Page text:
Knee-jerk reactions to troubling headlines may cause investors to fall into the common pit of selling low after buying high. Lately, we have had a multitude of these headlines from civil wars, earthquakes, tsunamis, tornados, to nuclear disasters. Whether or not we have personally been affected by a natural disaster, we can all feel touched by the spike in oil prices and its far-reaching effect on our wallets.
As I have warned before, knee-jerk reactions in most aspects of life are rarely productive. It is time again to realize the ‘glass is half full’ and remember there are always potential investment opportunities in the face of adversity.
Part of the solution requires each investor have a comfort zone. This would be funds which are not at significant risk, and thus available for use should the markets go through a bear decline similar to 2008 and early 2009. Those investors who stayed in the market or shifted money around during this past recession were rewarded handsomely provided they stayed through the end of 2009. But, for investors who felt they could not afford to lose value, generally they are the ones who lose the most.
The panic sale of investments caused by headlines or market declines generally causes the investor to sell at a low point in value. Then, before they return to the market, they want confirmation the market will no longer go down, so they wait for proof. In this case, proof generally comes from an increasing market value and thus the nervous investor misses much of the recovery in value.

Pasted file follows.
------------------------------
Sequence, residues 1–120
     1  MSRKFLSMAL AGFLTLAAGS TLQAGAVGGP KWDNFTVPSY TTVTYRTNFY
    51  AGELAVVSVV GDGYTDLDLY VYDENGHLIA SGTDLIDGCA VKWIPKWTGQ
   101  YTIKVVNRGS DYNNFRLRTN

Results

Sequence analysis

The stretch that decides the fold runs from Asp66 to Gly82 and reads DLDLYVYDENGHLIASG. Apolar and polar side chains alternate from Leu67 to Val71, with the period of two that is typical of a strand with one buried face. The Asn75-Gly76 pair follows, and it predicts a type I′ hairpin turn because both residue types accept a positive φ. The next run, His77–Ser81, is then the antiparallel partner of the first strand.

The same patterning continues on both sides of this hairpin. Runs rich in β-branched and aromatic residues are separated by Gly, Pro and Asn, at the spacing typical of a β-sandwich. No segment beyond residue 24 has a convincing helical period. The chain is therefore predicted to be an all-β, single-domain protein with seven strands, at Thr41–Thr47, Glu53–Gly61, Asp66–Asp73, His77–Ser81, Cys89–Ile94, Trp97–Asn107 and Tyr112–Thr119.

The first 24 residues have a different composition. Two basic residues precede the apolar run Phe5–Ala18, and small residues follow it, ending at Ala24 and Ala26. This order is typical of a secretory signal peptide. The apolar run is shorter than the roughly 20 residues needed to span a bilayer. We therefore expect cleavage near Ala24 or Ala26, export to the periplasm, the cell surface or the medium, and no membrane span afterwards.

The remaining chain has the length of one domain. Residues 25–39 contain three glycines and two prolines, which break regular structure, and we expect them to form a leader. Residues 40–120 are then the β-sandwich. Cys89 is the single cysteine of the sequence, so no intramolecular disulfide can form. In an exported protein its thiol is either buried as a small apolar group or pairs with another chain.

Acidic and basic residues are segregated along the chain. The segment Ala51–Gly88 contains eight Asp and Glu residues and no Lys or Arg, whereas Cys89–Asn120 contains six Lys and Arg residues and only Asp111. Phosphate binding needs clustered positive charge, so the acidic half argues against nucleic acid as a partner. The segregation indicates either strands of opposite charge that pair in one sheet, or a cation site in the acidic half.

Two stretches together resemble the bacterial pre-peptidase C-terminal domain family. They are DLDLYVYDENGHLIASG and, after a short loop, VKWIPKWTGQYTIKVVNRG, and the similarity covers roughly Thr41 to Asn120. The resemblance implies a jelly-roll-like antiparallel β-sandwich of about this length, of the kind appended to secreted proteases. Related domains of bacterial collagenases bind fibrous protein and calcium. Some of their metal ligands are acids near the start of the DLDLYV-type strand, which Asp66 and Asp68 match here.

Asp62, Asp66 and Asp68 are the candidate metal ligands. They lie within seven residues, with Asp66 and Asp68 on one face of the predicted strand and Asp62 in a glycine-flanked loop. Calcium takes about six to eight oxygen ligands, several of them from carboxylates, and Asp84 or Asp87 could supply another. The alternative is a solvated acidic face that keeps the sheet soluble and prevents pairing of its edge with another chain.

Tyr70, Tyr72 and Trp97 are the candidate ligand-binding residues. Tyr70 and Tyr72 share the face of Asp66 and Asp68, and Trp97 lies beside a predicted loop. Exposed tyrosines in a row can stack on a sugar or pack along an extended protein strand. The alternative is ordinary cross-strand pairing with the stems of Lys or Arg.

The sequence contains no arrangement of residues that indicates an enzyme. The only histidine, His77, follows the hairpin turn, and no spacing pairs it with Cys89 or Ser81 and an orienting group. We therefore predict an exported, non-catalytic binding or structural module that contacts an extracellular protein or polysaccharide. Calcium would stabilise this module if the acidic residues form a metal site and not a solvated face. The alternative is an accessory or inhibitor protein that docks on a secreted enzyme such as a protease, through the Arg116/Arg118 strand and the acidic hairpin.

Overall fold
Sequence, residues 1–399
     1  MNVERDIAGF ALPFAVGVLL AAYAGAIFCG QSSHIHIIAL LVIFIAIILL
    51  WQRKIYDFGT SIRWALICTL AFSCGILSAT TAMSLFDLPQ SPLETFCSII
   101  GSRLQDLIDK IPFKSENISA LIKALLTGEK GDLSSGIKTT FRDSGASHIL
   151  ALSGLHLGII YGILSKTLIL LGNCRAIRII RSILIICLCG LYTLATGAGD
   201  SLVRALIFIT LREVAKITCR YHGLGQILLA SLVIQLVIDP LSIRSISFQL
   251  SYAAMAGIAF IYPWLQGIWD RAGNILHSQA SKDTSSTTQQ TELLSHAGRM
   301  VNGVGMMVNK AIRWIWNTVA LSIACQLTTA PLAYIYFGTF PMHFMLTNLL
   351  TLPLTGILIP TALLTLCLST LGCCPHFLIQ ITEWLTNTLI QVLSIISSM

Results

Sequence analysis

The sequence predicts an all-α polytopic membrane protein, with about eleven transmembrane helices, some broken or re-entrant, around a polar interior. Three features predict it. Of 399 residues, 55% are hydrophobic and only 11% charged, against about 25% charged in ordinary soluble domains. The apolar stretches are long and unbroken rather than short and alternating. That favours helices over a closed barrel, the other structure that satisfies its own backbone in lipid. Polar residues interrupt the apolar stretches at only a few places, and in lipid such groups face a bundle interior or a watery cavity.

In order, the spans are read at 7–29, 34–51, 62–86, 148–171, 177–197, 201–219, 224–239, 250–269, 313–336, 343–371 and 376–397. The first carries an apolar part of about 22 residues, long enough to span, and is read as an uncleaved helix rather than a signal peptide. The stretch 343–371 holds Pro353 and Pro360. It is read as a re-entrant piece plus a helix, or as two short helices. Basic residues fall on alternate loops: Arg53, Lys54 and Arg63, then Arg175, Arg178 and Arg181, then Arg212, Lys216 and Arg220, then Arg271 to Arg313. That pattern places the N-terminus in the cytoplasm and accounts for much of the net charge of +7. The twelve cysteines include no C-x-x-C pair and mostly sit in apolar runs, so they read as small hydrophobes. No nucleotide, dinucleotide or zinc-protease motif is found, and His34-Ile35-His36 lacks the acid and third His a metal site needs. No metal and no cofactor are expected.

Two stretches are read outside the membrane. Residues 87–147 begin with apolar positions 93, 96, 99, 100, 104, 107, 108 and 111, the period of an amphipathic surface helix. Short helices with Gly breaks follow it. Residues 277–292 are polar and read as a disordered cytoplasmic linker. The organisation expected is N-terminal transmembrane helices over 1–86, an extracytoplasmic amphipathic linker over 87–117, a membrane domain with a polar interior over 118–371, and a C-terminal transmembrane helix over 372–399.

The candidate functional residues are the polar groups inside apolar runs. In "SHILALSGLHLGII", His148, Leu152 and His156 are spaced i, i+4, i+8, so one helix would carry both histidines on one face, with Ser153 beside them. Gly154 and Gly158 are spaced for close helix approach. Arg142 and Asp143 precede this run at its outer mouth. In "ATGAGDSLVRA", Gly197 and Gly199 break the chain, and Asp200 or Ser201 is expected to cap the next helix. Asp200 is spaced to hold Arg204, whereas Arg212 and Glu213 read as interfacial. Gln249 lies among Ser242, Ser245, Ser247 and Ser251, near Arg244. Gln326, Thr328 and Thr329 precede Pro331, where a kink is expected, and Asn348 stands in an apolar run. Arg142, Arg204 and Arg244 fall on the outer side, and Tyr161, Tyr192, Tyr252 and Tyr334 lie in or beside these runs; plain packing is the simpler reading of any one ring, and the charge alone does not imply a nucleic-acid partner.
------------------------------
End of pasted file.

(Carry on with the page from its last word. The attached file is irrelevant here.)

Dividing the investment portfolio into two pots may be a simple solution, but it works for many investors. If distributions are occurring from investments or about to begin, setting aside twenty-four to thirty months of income in a different portfolio may be a solution. The primary account should still be the source of the distributions. The smaller account with two years of income should be managed conservatively so it will not be significantly impacted by negative market moves. Thus, when a significant decline occurs in the market, the primary account can be managed first for protection, and then recovery. During this time the distributions once taken from the primary account, can now be pulled from the secondary account.
Yes, this is a little complex and does require time to manange. But it allows the primary account to take advantage of opportunities created by the decline. Who wouldn’t like to purchase Caterpillar for $22 to $30 per share? It is now trading around $107 per share. Now that we can look back, the numbers of opportunities created by the “great recession” were endless. In order to benefit, it just required investors with long-term view points.
For assistance with insurance, estate planning, and managing investments, contact me at Quality Financial Concepts or one of the other Certified Financial Planners in our area. To continue a personal quest for education, you can also view our learning center on our website, www.goqfc.com. There you will find articles on a variety of topics, on-line seminars, calculators, as well as a host of other free tools.